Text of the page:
Music in democratic education: an evaluation of publications of committees, councils, and commissions of the National Education Association of the United StatesKent, Richard Layton January 1961 (has links)
Thesis (D.M.A.)--Boston University.
Adult education as revealed in the Proceedings and addresses of the National education association from 1921 to 1941Unknown Date (has links)
The aim of this study is to trace the history of the development of adult education in the United States from the close of World War I to the beginning of World War II as it is revealed in the Proceedings and Addresses of the National Education Association for this period. The treatment of the data was thorough reading of the source materials and supplementary materials to discover the origin of the programs, why they were advocated and instituted, and when and if they were changed and for what reasons. It was found that there were three definite stages of development. Each reflected the economic, political, social, and intellectual characteristics of the nation at that time. / Typescript. / "August, 1950." / "Submitted to the Graduate Council of Florida State University in partial fulfillment of the requirements for the degree of Master of Arts." / Advisor: Nita K. Pyburn, Professor Directing Study. / Includes bibliographical references (leaves 60-77).
Dewing, Rolland L.
There is no abstract available for this dissertation.
Thesis (M.S.)--University of Wisconsin--Madison, 1962. / Typescript. eContent provider-neutral record in process. Description based on print version record. Includes bibliographical references (leaves -118).
To Determine to What Extent Extra-Curricular Activities and Regular School Activities Participated in by the Class A High Schools in Van Zandt County Texas in 1937-1938 Proposed to Contribute to the Consummation of the Ten Social-Economic GoalsParks, Lucile 08 1900 (has links)
This study was made with the hope that the findings may encourage the administration and teachers in Van Zandt county Texas to analyze the Ten Social-Economic Goals set up by a committee on the National Education Association.
An Analysis of Teacher Militancy and Its Impact on the National Education Association and the American Federation of TeachersShamblin, Joe D. 01 1900 (has links)
The present study has several purposes in mind. First, the increasing teacher militancy from January, 1940, to July, 1968, will be delineated. Second, possible causes of increasing militancy since World War II will be evaluated. Special emphasis will be given to the current period of teacher strikes. Third, the historical roles of the NEA and AFT, with emphasis on their respective positions with respect to the improvement of teacher welfare, will be surveyed. Fourth, the impact of increasing teacher militancy on the NEA and AFT, will be investigated.
Sanford, Amy Aldridge.
Thesis (Ph. D.)--University of Iowa, 2006. / Supervisors: Randy Y. Hirokawa, David B. Hingstman. Includes bibliographical references (leaves 130-141).
Baker, Robert Buckner
The purpose of this study is to point out the accomplishments and various benefits gained through teacher cooperation, with special emphasis placed upon the American Federation of Teachers and the National Education Association.
Reddy, Richard G.
The purpose of this study is (1) to determine the fundamental differences in the American Federation of Teachers and the National Education Association and (2) to evaluate these organizations in terms of criteria basic to the organization of any group. It is hoped that a microscopic analysis and evaluation of these two teacher organizations, representing both union and non-union groups, will cast some beneficial light upon weaknesses and strong points of both groups and result in recommendations which will be of benefit in the work of individual teachers as well as to the organizations.
An issue of "special opportunity": the politicalization of education in presidential election campaigns, 1968-2012Grove, DeeAnn 01 December 2014 (has links)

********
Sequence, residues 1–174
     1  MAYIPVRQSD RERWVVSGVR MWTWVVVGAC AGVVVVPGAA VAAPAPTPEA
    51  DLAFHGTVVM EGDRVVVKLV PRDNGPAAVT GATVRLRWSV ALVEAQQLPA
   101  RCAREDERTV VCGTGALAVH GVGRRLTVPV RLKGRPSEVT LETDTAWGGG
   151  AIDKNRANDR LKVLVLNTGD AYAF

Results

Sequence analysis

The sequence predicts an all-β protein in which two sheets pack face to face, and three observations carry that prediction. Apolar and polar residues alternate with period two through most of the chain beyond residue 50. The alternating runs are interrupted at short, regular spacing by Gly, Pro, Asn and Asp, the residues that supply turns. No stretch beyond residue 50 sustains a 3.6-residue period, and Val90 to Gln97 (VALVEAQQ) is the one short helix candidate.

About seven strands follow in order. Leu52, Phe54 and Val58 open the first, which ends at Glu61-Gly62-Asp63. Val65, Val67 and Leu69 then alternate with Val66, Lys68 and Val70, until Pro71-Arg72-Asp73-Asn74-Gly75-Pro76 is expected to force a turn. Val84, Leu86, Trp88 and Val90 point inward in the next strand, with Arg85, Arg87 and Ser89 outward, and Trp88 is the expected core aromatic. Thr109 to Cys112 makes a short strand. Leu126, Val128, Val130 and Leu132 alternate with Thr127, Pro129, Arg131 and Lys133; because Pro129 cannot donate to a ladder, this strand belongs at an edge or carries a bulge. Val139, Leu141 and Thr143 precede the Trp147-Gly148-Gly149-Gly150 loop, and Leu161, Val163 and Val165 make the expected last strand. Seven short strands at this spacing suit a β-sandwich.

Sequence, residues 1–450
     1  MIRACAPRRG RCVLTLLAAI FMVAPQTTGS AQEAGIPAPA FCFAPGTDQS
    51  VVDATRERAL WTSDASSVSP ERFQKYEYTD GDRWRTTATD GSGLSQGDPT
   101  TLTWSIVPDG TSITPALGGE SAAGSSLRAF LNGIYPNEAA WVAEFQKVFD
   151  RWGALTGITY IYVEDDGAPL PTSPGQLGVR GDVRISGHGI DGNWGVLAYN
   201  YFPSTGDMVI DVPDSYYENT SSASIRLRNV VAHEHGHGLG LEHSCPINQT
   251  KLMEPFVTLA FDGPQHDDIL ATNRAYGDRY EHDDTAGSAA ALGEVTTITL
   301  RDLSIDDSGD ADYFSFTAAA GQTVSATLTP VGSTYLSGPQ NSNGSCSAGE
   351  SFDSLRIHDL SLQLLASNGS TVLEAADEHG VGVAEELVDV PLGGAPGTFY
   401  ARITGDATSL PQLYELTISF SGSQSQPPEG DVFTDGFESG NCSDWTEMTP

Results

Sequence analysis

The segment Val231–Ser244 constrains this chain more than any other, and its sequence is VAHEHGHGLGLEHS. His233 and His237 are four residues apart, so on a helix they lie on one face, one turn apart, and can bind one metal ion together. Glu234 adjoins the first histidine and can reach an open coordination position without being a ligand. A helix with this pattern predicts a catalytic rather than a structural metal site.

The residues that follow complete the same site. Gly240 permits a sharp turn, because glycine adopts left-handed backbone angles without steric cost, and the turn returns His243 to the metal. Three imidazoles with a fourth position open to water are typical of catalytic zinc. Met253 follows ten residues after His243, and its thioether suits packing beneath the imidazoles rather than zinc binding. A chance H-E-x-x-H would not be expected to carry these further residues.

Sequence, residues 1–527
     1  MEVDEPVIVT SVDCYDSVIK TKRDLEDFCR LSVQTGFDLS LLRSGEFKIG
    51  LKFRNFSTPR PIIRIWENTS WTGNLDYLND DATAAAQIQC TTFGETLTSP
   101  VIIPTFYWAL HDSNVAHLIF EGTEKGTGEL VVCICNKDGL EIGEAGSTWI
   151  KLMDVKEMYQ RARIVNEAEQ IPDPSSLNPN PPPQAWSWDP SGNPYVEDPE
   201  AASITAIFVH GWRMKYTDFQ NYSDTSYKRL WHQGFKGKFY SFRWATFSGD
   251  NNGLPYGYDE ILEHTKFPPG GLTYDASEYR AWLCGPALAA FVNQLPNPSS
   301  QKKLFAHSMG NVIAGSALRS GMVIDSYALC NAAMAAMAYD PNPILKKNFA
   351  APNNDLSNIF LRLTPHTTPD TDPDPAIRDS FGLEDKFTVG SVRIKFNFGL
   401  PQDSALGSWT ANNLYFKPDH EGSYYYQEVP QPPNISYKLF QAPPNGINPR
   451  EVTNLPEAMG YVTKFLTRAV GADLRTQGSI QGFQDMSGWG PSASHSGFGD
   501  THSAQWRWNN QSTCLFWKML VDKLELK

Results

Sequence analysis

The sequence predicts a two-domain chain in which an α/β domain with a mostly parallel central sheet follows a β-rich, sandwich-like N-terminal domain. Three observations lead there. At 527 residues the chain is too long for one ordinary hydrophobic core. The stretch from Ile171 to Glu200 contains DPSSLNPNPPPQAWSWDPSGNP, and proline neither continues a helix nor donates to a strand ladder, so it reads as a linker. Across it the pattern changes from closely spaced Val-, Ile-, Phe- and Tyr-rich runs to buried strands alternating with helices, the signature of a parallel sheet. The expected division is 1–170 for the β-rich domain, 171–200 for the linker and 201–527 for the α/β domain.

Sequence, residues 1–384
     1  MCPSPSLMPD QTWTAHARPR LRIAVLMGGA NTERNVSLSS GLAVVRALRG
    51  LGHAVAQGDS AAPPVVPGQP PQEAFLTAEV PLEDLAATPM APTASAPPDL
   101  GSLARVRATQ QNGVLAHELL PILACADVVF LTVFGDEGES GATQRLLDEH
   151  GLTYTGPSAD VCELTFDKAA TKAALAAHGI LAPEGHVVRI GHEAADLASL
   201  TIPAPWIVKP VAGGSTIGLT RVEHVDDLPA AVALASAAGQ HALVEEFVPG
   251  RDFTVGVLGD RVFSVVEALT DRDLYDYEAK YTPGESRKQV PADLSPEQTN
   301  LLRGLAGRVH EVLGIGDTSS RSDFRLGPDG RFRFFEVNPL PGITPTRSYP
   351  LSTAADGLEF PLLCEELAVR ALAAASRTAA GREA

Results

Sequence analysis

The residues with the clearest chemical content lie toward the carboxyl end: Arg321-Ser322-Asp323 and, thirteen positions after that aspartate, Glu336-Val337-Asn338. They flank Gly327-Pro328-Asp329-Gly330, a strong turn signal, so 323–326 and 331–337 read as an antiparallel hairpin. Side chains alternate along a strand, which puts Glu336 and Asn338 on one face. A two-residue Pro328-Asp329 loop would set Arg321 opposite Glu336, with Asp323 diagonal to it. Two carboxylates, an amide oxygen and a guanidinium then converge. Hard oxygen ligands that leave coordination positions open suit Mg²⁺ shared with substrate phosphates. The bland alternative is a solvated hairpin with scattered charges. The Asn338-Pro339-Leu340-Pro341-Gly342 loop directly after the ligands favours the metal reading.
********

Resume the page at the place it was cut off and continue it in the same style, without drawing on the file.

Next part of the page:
This interdisciplinary study examines the issue of education in presidential election campaigns from 1968 through 2012. Historians of education have argued that the public's embrace of The National Commission on Excellence in Education report A Nation at Risk: The Imperative for Educational Reform (ANAR), in 1983 forced education onto the national agenda because political elites had to respond to voters' concerns about educational quality. Yet, historians of education have largely overlooked presidential election campaigns in their analysis of how education became a prominent political issue. In contrast, political scientists have focused a great deal on presidential election campaigns in seeking to understand the interaction between political elites and voters but have given little attention to the issue of education. This study integrates these two lines of inquiry to provide a better understanding of how education became a top-tier political issue and to better reveal the interactions between political elites and voters in that process. This study makes use of source materials that have received little scholarly examination. Internal campaign strategy documents reveal how political elites understood public opinion about education and how they sought to make use of that understanding to win elections. These underutilized sources reveal that historians have overemphasized the role of ANAR in the rise of education on the national political agenda. Long before education appeared in public opinion data as a top voter concern, strategists from both major political parties already wanted to push education onto the national political agenda. Yet, candidates were largely constrained from using education during the 1970s because they wanted to avoid engaging the controversial issue of de facto school desegregation. White voters were inconsistent on the issue: they claimed to support desegregation but took actions indicating they actually opposed desegregation. This made it difficult to craft an effective education message. When forced to discuss school desegregation, candidates of both parties employed a "quality education for all students" frame that deracialized the school desegregation debate and made education a safe issue to prime by the end of the decade. Beginning in the 1980s, Republicans used education for two electoral ends. First, they sought to use the recent transformation of the National Education Association (NEA) into a labor union and its endorsement of Democratic candidates to convince voters that the Democratic Party was beholden to radical special interest groups. Republican candidates also increased their priming of education in an attempt to close the gender gap arguing that women voters had a particular concern for the issue of education. Between 1990 and 2012, both parties wanted to use education to appeal to white voters. Republican candidates had long been committed to using education to soften their image. Now they began framing education as a civil rights issue in order to reassure white voters of their racial sensitivity. Meanwhile, Democratic candidates began framing education as an economic issue to reassure middle class white voters anxious about their children's future in the emerging global economy. A primary element in these electoral strategies was the idea that education was a "special" political issue. The "special" status rested on political elites' perceptions of voters' strong personal commitment to education and their nonpartisan attitudes toward specific policy positions. The lack of partisan correlation presented challenges for both parties but also unique opportunities to address campaign concerns related to a candidate's image, targeted voting blocs, and possible attacks on their opponents. The rise of the issue of education on the national agenda was often less about voters' concerns with educational quality and more about campaign strategy.